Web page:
Urging our nation's leaders to end hunger

Complexities of the Horn of Africa Famine

A Somali woman and a malnourished child exit from the medical tent after the child received emergency medical treatment from the African Union Mission in Somalia (AMISOM). Somalia is the country worst affected by a severe drought that has ravaged large swaths of the Horn of Africa, leaving an estimated 11 million people in need of humanitarian assistance. (UN Photo/Stuart Price)

We've been writing for the past few weeks about the complexities of the famine in the Horn of Africa. It's not just drought or political instability or rising food prices that have caused this crisis. It's many interconnected issues: When there's no water, people can't drink or grow food. Food prices rise. People can't feed or hydrate themselves or their animals. Animals die and people get sick. Malnourishment sets in, which makes people susceptible to disease. And so on and so forth.

A recent Associated Content interview with Laura Sheahen and Sara A. Fajardo of Catholic Relief Services drives home these points:

....we are currently helping to feed more than a million people in Ethiopia and have launched projects in Isiolo and Wajir, Kenya and about to launch projects in Mandera where the drought's impact has been severe. Some of the pastoralist communities living there have lost 50-100 percent of their livestock. These projects include rehabilitating wells, assisting with school-feeding programs and working on conflict mitigation projects between different pastoralist communities who may be trying to access the same limited resources.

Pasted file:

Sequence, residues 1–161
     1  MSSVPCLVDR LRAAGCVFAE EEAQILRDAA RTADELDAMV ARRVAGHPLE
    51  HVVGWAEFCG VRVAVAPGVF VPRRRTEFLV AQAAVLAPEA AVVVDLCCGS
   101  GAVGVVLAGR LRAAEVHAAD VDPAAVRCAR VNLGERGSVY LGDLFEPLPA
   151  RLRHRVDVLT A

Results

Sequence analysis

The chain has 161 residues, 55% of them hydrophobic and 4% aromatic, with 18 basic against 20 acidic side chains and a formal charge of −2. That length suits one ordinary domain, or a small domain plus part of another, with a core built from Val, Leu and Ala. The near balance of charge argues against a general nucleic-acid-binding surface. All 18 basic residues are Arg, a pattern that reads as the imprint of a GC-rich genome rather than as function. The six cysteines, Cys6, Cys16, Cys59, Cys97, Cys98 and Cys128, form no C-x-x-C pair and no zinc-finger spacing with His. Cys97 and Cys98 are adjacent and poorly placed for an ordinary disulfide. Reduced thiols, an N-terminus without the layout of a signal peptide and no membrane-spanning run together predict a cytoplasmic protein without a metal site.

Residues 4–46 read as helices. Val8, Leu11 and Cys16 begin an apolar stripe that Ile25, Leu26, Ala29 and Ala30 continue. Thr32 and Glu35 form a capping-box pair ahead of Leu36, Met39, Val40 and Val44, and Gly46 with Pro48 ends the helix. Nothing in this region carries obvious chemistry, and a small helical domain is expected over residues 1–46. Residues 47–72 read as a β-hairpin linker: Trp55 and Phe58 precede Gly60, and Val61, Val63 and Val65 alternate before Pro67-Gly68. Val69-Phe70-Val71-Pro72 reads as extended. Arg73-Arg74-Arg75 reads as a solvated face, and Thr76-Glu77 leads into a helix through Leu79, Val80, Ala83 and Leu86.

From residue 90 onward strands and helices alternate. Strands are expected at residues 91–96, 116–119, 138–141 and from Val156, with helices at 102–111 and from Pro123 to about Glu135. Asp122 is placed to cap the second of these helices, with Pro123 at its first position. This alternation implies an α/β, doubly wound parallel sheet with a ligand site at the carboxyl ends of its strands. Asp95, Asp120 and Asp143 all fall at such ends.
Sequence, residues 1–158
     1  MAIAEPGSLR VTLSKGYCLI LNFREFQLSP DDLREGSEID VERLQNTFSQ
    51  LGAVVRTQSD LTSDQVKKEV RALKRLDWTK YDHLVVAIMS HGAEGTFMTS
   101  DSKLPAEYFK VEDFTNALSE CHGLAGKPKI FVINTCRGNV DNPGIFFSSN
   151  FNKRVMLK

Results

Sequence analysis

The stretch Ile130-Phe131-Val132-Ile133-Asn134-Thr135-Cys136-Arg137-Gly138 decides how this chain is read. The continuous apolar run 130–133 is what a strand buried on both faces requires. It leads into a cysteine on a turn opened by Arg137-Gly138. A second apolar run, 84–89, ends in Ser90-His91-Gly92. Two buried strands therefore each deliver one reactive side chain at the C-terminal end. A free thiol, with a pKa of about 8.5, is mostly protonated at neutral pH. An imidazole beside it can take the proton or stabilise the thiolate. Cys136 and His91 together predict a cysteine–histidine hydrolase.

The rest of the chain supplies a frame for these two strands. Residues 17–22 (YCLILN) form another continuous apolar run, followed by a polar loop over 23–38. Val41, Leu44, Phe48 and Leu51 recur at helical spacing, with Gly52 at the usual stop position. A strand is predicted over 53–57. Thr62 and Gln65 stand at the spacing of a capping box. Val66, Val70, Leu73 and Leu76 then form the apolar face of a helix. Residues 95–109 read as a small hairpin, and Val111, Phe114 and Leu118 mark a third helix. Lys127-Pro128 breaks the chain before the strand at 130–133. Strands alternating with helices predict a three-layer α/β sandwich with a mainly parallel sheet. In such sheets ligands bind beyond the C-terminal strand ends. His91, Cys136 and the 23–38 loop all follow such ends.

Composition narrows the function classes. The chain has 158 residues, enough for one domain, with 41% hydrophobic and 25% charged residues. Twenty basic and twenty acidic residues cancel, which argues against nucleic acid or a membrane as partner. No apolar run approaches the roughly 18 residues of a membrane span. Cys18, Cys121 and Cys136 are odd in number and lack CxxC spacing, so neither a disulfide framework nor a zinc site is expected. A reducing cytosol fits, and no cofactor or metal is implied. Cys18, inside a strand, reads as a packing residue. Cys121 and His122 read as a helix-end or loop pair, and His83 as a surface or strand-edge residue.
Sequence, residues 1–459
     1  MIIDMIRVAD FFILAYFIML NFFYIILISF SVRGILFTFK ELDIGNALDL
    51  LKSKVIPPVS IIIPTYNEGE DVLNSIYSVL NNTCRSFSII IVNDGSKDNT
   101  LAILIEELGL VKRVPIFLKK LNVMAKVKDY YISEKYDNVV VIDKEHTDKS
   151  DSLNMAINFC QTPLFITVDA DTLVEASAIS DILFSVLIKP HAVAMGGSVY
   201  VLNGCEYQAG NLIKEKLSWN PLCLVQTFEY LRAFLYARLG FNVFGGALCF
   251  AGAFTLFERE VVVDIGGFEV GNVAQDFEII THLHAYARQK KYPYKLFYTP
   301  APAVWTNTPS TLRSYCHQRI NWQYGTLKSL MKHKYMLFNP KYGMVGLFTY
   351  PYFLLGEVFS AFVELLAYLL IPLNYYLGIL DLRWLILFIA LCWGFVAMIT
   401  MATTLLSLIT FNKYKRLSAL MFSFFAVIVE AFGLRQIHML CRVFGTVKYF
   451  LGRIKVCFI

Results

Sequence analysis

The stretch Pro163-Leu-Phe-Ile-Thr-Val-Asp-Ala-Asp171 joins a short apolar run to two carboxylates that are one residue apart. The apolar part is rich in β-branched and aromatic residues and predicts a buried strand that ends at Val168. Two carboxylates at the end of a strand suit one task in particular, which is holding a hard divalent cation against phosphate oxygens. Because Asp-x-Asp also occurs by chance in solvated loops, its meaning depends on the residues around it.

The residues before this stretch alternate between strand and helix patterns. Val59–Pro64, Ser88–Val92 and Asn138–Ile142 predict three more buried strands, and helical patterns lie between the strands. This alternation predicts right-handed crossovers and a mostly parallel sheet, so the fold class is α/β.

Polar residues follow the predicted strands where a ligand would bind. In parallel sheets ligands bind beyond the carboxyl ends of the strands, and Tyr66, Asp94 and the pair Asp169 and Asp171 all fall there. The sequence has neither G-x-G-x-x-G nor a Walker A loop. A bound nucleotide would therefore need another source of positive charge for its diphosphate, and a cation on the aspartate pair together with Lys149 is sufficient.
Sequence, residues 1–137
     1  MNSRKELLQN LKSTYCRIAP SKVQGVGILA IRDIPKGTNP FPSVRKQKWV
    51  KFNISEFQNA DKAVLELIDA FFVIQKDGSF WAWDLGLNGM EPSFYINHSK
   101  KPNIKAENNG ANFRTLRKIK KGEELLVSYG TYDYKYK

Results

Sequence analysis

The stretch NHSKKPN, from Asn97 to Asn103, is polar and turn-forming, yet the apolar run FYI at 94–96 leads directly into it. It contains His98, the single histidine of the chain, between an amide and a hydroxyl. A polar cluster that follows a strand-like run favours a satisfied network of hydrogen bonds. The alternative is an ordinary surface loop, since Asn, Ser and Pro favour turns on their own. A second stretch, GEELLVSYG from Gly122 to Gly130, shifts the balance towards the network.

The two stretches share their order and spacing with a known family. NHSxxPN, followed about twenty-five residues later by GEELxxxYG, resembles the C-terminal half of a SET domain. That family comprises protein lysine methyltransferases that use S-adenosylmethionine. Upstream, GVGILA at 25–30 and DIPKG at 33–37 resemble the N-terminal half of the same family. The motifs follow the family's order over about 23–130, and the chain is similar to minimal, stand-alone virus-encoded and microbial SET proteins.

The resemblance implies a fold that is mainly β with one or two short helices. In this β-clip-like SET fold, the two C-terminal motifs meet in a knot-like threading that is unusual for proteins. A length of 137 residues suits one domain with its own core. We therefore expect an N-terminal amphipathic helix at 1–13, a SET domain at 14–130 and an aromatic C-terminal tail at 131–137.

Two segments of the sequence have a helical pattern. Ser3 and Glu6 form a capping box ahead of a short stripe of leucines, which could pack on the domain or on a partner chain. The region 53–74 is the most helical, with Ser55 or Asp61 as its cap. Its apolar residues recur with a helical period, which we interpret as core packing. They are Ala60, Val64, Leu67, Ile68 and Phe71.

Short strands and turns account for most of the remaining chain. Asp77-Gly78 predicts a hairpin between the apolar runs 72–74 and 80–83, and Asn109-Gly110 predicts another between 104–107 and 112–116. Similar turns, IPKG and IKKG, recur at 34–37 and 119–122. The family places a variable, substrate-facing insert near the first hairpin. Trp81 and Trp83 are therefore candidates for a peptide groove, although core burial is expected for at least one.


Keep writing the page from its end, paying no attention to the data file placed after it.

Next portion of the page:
Droughts are cyclical in eastern Africa and their frequency (due to a variety of factors) is on the rise. Even if it rains tomorrow and the crops start growing, it will be quite awhile before things stabilize to the point where people can harvest enough food to sustain a family. It's also important to remember that many of the drought-affected communities are pastoralists and rely on livestock for their survival. The UN estimates that it can take up to 5 years for herds of livestock to regenerate to a point that they can be relied as a consistent source of food.

This wasn't a sudden crisis: the Famine Early Warning System Network (FEWS NET) flagged trouble in late 2010 but the response was not fast. So what's needed besides short-term food aid? What we've been saying all along: Investment in poverty-focused development assistance programs that help people support themselves, so they don't have to depend on aid.


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